Have You Eaten Yet?

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Each culture has its own unique way of asking how someone is. In the U.S. you’ll hear, “how are you doing?”

In The U.K., it’s “are you okay?”

But in China, it’s “nǐ chī fan le ma?” which means, “have you eaten yet?”

Sure, there’s a way to literally say “hello” and “how are you?” in Chinese, but this key phrase inquiring about consumption is the most common expression. This just goes to show you how important the act of dining is in China. On any given night while passing by one of the millions of restaurants in Beijing, you’ll witness older, balding Chinese men with their shirts pulled over their bellies (on really hot nights) clinking glasses of beer noisily with their buddies. Their wives are gathered around the table, gossiping amongst themselves and munching on chuanr while the children run around the tables. Family dining isn’t just a meal–it’s a big ordeal. Typical Chinese meals consist of family-sized dishes that are meant to be passed around and shared. It reminds me of the way extended family members gather around turkey and mashed potatoes for a Thanksgiving meal in the U.S.

I found it so strange that everyone kept asking me if I had eaten during my first few months in Beijing. As soon as I learned the phrase Chinese, I didn’t stop hearing it. I was recently told by a Chinese friend that this question indicates that the asker cares about the askee and wants to make sure you are fed properly.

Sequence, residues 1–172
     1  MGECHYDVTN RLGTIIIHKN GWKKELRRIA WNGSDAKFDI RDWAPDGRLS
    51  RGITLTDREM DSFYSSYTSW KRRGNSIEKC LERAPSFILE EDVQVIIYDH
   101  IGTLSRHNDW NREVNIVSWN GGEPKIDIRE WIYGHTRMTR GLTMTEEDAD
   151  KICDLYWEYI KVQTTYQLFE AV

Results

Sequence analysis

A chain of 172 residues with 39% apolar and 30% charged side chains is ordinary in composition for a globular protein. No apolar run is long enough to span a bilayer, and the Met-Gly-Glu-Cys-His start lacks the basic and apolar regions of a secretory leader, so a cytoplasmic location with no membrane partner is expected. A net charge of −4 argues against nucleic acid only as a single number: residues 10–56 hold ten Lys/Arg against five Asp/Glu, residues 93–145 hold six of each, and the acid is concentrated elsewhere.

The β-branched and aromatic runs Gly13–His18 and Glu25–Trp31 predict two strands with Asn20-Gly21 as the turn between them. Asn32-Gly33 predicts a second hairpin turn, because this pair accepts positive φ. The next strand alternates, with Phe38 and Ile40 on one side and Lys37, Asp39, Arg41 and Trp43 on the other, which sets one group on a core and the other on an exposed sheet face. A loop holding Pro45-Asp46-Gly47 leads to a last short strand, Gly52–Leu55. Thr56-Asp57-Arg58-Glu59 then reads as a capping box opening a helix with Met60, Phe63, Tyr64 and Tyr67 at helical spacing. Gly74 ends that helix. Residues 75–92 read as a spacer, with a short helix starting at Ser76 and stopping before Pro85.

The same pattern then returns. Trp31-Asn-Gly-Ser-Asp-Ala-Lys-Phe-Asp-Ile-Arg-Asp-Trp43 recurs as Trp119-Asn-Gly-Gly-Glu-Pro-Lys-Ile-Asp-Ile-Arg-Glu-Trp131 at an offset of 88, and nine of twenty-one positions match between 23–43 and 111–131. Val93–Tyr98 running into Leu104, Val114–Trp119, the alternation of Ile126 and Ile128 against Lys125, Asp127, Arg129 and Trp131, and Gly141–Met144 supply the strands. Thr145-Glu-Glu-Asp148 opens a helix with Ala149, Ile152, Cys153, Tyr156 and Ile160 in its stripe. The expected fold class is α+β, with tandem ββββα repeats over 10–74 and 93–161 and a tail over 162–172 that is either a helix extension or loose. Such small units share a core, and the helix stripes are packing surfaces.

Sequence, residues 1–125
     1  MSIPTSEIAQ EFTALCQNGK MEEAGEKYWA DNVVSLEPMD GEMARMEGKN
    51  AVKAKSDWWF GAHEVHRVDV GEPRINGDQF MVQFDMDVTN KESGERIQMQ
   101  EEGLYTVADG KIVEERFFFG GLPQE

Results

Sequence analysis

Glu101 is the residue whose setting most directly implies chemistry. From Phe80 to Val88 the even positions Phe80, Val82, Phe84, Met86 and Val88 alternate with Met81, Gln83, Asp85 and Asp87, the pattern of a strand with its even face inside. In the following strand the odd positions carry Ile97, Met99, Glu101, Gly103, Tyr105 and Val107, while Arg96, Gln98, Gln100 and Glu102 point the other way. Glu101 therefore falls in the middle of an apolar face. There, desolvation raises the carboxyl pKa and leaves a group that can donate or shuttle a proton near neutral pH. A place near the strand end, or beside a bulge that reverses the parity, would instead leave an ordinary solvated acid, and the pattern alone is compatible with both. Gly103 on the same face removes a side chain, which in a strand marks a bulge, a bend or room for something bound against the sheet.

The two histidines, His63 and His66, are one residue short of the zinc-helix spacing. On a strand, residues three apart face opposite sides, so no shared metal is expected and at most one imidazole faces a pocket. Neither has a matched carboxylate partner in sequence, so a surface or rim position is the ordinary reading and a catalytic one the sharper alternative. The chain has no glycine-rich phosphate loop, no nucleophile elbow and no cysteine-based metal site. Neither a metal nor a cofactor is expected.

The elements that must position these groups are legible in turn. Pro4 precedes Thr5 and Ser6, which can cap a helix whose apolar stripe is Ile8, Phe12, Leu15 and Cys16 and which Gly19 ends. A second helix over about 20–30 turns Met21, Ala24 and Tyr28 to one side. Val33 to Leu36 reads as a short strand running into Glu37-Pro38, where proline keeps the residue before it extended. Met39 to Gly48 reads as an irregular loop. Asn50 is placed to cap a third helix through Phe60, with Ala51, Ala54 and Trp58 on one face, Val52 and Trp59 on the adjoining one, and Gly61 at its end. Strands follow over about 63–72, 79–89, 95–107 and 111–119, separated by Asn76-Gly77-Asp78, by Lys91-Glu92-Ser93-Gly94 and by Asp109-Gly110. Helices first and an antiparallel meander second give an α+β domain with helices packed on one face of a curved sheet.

There is definitely a unique sense of bonding around the dinner table here that I haven’t seen elsewhere. It will be interesting to see how many times I ask my friends and family if they’ve eaten yet out of habit when I return home.

Beauty Is Only Skin Deep

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During a recent Chinese lesson, my teacher began explaining the sentence structure to describe going to a local theme park. My teacher, Amy, enthusiastically interrupted her own lesson to digress into a story, as often happens during her lessons. She asked me and my co-worker who is learning Chinese with me to guess how she gains free admittance into a local theme park. My colleague and I shrugged prompting her to explain further. She giggled and exclaimed, “It’s not just because I’m pretty! Well, I could get in for free because of that. But I also work as a tour guide and my tour guide license gets me in for free!”

I obligingly laughed along with my co-worker, but her point was pretty much lost on me after she declared she was beautiful enough to gain free admittance to a park. Amy is strikingly beautiful. She’s extremely petite with enviable cheek bones and a great sense of style. Her beauty is something that everyone in a room undoubtedly notices instantly. Although her blatant remark about attractiveness is common among Beijingers, it remains a cultural characteristic that still makes me uncomfortable.

Within just a month of living in Beijing, the standard of beauty was very apparent. Chinese people are, in general, naturally petite. If someone is overweight, they stick out like a sore thumb. There is an obvious admiration for people who are tall. I’ve been told that there are height requirements for men entering the military and that taller men generally are the most successful in business in China. There is also a general desire for an job that allows the comforts of the indoors. Farmers that work in fields and develop golden-brown tans are stereotyped as lower-class citizens.